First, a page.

"Did I do all this?" He marveled. He couldn't remember doing this, purposely. His mind must have filled in a few bits while they'd been... while he and Arthur... He blushed just thinking about it.
Arthur was still watching him with that appreciative, somewhat smug look on his face, which only made Merlin blush more. He wasn't used to being leered at, or for giving anyone much cause to leer at him. Quickly he pulled on his clothing, reveling slightly in the soreness in his lower back, proof of what they'd done.
Arthur led him out of the room by his hand and Merlin gasped. Sunlight hit him, radiating from that large pillar in the center of the room like it was a real sun. The barren slope had turned to earth. There was grass beneath his bare feet. Grass and trees and flowers. The entire wall around Arthur's room – their room – was covered in flowering vines. The lake had been sectioned off at the far end, split into several pools. A line of hedges screened three – for privacy, perhaps as bathing pools – while steam wafted from one larger one.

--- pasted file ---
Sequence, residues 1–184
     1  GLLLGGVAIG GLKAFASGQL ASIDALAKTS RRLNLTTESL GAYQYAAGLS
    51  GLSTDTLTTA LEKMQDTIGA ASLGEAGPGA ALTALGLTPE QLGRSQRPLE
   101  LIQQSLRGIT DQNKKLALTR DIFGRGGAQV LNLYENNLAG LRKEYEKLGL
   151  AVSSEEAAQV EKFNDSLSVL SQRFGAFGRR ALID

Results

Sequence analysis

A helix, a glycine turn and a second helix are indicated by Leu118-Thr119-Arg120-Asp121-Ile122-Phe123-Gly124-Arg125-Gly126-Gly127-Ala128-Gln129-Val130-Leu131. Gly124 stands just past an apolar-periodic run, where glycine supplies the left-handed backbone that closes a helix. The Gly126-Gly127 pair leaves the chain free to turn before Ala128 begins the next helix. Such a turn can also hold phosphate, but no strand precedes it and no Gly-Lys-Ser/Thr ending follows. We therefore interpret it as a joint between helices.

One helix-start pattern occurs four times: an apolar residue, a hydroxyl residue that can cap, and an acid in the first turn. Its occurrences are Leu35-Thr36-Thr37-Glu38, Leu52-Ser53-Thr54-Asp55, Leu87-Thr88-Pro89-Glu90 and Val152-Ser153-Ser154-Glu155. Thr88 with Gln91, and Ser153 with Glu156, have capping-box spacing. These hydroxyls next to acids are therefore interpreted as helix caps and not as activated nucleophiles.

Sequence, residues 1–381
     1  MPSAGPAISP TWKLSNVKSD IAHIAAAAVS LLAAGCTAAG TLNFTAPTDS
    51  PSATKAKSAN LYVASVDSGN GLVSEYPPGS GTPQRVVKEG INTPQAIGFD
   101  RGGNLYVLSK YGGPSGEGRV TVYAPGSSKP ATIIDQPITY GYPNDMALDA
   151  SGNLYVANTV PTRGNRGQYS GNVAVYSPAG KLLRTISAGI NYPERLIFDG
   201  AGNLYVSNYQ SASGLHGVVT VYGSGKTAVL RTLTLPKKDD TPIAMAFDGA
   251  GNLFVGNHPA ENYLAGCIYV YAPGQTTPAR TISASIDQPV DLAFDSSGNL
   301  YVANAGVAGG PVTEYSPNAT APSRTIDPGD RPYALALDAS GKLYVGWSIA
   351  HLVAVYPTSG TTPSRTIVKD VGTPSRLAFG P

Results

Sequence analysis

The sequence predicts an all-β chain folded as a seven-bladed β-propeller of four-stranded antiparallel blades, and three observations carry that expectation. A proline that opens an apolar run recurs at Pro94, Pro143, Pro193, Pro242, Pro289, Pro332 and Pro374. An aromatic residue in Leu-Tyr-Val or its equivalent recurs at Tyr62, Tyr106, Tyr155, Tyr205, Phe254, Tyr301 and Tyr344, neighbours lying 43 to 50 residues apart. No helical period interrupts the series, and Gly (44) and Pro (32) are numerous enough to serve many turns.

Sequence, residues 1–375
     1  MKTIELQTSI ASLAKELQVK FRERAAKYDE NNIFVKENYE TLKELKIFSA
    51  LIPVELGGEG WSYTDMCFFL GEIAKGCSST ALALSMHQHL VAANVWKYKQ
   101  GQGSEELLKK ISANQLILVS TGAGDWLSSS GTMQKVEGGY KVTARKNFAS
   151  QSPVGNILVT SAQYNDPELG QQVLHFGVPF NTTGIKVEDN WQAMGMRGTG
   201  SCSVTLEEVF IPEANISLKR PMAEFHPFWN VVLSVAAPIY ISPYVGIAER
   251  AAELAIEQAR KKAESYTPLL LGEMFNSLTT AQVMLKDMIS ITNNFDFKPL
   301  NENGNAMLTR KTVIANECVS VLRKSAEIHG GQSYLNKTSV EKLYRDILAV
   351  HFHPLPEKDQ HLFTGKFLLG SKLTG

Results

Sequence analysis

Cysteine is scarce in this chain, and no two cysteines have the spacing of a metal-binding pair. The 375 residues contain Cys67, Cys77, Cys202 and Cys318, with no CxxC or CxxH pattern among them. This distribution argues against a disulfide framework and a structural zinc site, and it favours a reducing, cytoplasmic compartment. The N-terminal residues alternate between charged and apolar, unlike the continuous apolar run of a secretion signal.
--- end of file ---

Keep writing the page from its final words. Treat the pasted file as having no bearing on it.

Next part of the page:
"I did this?"
It seemed unreal. He hadn't realized his magic could do something on this scale, let alone without him even knowing he was doing it.
"We can plant food down here," Arthur said, his voice flushed with hope. "We can survive without ever needing to go to the surface again."
His words had the ring of truth to them. They could expand from here. With his magic, he could hollow out more rooms. It seemed simple to him now that he'd already done it once. They could make a whole city for themselves here, underground.
A thought niggled at him. He tugged on Arthur's arm, bringing his jubilation to a momentary halt. "But what if there's more survivors out there? Like Lancelot's group." He'd have to go back out there. He'd have to leave all this, leave Arthur behind. It was gorgeous, glorious. It was all he'd ever wanted, but he couldn't sit here, in happiness, when there was the possibility that somewhere out there, there might be others still alive and in danger.